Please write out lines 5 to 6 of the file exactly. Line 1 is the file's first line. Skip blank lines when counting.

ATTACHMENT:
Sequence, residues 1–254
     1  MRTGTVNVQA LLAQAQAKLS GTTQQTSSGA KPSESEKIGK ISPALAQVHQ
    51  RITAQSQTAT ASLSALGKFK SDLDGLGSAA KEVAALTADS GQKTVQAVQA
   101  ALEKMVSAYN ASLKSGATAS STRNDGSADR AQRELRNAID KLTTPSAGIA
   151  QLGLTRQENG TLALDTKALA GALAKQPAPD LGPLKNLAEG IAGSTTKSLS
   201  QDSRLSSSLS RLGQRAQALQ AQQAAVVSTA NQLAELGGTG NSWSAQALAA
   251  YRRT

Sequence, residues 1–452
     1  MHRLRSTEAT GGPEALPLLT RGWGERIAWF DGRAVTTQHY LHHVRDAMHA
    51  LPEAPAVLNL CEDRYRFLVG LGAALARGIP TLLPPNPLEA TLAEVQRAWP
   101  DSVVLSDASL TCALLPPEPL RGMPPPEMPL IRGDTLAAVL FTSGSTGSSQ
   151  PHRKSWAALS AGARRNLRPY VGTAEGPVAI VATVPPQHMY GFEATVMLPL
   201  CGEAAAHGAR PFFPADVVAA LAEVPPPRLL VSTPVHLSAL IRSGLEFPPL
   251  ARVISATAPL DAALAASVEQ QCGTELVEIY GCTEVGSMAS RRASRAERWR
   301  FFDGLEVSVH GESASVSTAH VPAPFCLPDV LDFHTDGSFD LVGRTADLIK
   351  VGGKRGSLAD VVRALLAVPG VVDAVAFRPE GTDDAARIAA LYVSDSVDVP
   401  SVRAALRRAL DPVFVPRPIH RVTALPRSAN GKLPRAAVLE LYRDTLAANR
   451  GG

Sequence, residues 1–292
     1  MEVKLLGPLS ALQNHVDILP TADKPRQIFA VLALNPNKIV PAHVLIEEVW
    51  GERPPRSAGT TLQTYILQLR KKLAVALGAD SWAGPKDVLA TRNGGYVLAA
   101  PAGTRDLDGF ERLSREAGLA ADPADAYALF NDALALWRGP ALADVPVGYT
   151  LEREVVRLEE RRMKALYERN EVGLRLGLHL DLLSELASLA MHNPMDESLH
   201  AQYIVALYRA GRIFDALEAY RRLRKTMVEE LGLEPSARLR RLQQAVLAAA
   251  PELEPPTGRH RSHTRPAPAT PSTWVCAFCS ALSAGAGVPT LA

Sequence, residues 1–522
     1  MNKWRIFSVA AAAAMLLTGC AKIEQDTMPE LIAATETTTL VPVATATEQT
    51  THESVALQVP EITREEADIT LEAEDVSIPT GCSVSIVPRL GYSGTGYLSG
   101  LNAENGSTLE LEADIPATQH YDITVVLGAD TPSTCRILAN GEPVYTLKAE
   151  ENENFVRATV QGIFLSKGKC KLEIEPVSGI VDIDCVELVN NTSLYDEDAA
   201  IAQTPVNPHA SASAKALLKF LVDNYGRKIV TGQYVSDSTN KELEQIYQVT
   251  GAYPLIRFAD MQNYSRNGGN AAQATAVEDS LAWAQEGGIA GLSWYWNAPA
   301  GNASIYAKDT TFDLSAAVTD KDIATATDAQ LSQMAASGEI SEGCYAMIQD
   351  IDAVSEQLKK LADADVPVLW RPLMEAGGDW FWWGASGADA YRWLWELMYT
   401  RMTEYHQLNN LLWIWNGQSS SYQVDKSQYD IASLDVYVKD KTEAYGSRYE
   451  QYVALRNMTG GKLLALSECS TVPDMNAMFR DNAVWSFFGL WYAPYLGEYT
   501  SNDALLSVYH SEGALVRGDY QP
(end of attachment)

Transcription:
   151  QLGLTRQENG TLALDTKALA GALAKQPAPD LGPLKNLAEG IAGSTTKSLS
   201  QDSRLSSSLS RLGQRAQALQ AQQAAVVSTA NQLAELGGTG NSWSAQALAA